State Bar Ethics Opinions cite the applicable California Rules of Professional Conduct in effect at the time of the writing of the opinion. Please refer to the California Rules of Professional Conduct Cross Reference Chart for a table indicating the corresponding current operative rule. There, you can also link to the text of the current rule.
May an attorney act as guarantor on a client's cost bond?
An attorney is not ethically prohibited from acting as a surety for his or her client and guaranteeing his or her client's obligation to a surety on a litigation bond. If the bond is relatively large, however, the attorney may thereby be acquiring a pecuniary interest adverse to his or her client, and the client should therefore consent in writing in advance.
Rules 5-101 and 5-104 of the Rules of Professional Conduct of the State Bar.
An attorney sought to provide the United States Court of Appeals for the Ninth Circuit with a $250 cost bond on behalf of his or her client. The corporate surety requested that the attorney or his or her law firm act as indemnitor for the client on the bond. The Committee has been asked whether the attorney or his or her law firm may do so. It is the Committee's conclusion that they may.
In the inquiry addressed here, the corporate surety requested that the attorney act as "indemnitor." An indemnity contract is ordinarily an original contract which requires the indemnitor to protect his or her promisee against loss or damage resulting from a liability on the part of the promisee to a third party. In contrast, a surety or guarantor undertakes to protect the promisee against loss or damage through the failure of a third person to carry out his or her obligations to the promisee. (Somers v. United States Fidelity and Guaranty Co. (1923) 191 Cal. 542, 545; Civ. Code, 2787.) For the purposes of this opinion, we take the corporate surety to be requesting that, should it have to pay under the cost bond, and should the client be unable to reimburse it, it may look to the attorney to recover.
Rules 242(b) (superior court) and 530(b) (municipal court) of the California Rules of Court prohibit an attorney from acting as a surety. It is not clear whether this prohibits an attorney from guaranteeing his or her client's obligation to a bonding company, or whether it merely prohibits an attorney from acting as a surety directly to the court, as contemplated in California Code of Civil Procedure section 1041. (See also Local Rules of Practice for the United States District Court for the Southern District of California, L.R. 290-3.) Determination of this issue is beyond the scope of the Committee's authority.
Aside from the question of whether court rules prohibit an attorney from guaranteeing his or her client's obligations to a corporate surety for a bond incident to litigation, the Committee has considered whether doing so is ethically proscribed.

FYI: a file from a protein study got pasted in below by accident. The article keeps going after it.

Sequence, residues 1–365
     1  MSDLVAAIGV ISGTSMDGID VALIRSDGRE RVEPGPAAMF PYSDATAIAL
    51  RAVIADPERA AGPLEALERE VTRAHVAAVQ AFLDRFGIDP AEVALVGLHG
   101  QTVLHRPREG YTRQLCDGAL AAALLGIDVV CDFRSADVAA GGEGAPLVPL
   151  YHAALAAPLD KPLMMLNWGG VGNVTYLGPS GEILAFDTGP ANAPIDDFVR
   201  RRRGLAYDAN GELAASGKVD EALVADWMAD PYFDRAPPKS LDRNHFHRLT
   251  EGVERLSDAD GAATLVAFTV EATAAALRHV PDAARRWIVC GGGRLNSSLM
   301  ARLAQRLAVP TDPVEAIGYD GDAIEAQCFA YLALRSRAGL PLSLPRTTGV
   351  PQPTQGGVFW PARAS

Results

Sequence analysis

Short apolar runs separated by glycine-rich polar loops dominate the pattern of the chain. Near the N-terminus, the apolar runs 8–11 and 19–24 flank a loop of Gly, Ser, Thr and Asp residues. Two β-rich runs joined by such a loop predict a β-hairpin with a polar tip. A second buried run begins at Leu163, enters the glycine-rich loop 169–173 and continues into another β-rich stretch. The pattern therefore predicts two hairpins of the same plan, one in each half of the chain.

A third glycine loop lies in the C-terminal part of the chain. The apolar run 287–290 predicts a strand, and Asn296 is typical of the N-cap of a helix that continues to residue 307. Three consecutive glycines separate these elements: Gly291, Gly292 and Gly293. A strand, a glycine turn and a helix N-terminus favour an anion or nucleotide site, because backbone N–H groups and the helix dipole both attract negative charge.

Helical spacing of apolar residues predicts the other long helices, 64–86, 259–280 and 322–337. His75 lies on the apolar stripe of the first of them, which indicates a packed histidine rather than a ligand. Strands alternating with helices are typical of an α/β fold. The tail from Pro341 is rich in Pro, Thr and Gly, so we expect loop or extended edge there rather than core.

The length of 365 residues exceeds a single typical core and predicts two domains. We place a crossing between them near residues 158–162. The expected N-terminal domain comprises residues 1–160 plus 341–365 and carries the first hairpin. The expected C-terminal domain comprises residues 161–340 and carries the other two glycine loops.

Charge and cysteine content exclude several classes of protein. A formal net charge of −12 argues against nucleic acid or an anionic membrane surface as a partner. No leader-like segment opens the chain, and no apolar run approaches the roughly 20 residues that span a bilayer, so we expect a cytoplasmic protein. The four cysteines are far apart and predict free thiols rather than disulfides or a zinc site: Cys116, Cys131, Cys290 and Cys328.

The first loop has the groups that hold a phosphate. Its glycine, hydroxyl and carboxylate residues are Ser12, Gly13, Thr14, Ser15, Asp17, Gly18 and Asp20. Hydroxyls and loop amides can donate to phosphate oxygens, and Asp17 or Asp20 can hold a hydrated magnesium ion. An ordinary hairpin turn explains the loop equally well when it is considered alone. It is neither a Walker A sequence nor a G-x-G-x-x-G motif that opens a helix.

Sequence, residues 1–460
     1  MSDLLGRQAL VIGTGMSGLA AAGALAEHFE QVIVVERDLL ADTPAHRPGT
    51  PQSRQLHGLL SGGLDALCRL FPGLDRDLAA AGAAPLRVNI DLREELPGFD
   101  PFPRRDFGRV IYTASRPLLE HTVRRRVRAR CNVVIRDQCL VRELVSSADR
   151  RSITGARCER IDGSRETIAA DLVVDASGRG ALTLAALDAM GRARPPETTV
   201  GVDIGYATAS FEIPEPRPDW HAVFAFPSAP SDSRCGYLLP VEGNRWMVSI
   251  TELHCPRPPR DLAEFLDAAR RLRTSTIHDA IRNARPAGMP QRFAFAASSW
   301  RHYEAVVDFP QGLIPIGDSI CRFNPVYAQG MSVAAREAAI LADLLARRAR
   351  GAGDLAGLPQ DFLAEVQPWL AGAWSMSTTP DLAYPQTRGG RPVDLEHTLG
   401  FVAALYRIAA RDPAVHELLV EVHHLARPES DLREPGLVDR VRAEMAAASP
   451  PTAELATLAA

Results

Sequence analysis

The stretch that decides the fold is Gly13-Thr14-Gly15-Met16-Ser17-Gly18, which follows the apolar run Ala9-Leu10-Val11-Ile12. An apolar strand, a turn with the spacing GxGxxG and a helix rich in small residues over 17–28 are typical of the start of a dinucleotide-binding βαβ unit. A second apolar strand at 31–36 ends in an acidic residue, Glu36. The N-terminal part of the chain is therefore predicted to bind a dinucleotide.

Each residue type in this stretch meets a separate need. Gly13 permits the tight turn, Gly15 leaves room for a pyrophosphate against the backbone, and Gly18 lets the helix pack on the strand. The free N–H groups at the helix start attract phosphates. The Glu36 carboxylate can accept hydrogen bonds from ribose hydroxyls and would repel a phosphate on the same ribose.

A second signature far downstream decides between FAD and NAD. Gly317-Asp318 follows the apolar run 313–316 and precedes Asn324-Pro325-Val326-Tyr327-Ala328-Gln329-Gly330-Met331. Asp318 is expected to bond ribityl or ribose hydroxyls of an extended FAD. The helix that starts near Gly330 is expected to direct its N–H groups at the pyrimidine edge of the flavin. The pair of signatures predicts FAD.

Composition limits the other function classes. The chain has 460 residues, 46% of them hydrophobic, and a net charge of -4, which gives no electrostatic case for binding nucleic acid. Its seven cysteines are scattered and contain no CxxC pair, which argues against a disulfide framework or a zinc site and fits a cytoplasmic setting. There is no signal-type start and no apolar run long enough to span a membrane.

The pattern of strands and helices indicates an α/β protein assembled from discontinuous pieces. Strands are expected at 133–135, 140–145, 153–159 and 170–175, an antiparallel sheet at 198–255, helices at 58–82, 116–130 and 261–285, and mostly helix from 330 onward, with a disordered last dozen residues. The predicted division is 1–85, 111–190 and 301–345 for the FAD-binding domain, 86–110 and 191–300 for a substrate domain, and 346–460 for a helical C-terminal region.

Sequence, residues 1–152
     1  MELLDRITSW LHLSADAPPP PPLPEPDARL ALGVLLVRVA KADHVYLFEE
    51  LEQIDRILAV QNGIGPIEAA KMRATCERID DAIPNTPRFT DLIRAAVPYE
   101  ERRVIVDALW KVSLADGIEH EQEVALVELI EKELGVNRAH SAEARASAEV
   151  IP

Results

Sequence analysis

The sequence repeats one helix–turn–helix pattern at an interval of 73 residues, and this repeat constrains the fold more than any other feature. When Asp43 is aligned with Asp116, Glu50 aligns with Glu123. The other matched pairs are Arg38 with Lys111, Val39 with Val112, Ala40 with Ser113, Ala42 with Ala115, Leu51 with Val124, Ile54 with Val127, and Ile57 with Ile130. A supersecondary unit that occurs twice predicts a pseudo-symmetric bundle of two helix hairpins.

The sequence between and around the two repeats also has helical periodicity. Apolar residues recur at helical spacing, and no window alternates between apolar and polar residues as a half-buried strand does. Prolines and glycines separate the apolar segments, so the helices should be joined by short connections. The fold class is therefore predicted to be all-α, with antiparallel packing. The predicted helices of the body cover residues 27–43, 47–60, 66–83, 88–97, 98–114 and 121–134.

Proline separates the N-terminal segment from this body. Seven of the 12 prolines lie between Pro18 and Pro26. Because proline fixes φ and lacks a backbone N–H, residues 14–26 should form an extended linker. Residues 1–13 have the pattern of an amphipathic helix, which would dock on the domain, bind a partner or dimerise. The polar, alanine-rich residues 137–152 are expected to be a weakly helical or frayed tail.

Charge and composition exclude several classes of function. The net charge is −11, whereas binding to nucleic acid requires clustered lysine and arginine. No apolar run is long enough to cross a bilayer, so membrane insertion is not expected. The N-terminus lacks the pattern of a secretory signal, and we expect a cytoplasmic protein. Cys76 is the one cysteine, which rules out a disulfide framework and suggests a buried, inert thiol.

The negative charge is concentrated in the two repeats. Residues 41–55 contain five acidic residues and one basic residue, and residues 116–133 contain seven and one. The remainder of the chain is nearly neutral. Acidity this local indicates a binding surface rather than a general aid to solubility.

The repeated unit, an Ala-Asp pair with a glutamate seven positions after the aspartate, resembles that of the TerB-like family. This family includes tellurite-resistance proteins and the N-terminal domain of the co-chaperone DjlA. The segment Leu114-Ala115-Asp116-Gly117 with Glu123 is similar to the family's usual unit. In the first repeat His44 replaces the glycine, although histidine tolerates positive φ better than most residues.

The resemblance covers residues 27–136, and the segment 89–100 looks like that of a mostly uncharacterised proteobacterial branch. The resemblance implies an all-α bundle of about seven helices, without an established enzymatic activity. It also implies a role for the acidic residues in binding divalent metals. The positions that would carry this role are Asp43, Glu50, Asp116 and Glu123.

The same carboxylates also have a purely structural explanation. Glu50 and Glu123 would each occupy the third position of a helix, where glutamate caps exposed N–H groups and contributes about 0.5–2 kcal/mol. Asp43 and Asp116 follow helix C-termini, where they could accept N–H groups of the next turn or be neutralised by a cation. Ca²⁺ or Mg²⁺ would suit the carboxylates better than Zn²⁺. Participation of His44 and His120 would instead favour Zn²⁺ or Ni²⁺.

Rule 5-104(A) of the Rules of Professional Conduct states, in part:
"A member of the State Bar should not directly or indirectly . . . guarantee . . . that he will pay personal or business expenses incurred by or for a client . . .; provided this rule shall not prohibit a member:
. . .
"(3) from advancing the costs of prosecuting or defending a claim of action or otherwise protecting or promoting client's interests. Such costs within the meaning of this subparagraph (3) shall be limited to all reasonable expenses of litigation in providing any legal services to the client."
It is the Committee's view that guaranteeing a cost bond is similar to advancing an expense of litigation within the provisions of rule 5-104(A)(3) of the Rules of Professional Conduct and is not prohibited.
The inquiry directed to the Committee concerns a cost bona of only $250. If the bond were relatively large, however, the Committee can foresee that an attorney guaranteeing such a bond might acquire an interest adverse to his or her client. We can imagine situations where the lawyer's concern that the client maintain the wherewithal to meet his or her bond obligations might interfere with the attorney's judgment with respect both to the particular case for which the bond is required, and to other matters. This is prohibited by rule 5-101 of the Rules of Professional Conduct, which provides that:
"A member of the State Bar shall not enter into a business transaction with a client, or knowingly acquire an ownership, possessory, security or other pecuniary interest adverse to a client unless (1) the transaction and terms in which the member of the State Bar acquires the interest are fair and reasonable to the client and are fully disclosed and transmitted in writing to the client in manner and terms which should have reasonably been understood by the client, (2) the client is given a reasonable opportunity to seek the advice of independent counsel of the client's choice on the transaction, and (3) the client consents in writing thereto."
The Committee believes, however, that where the bond is needed for litigation purposes, having the bond issue is in the client's best interest because it permits the litigation to go forward. Therefore the Committee feels that, in the instance of a relatively large bond, the attorney or his or her firm may act as guarantor, provided the client consents in accordance with the provisions of rule 5-104 (A)(1)-(3) of the Rules of Professional Conduct. In light of the potential for acquiring an adverse interest, however, it is the Committee's view that a prudent lawyer will seek to avoid guaranteeing a client's relatively large litigation bond.
This opinion is issued by the Standing Committee on Professional Responsibility and Conduct of The State Bar of California. It is advisory only. It is not binding upon the courts, The State Bar of California, its Board of Governors, any persons or tribunals charged with regulatory responsibilities, or any member of the State Bar.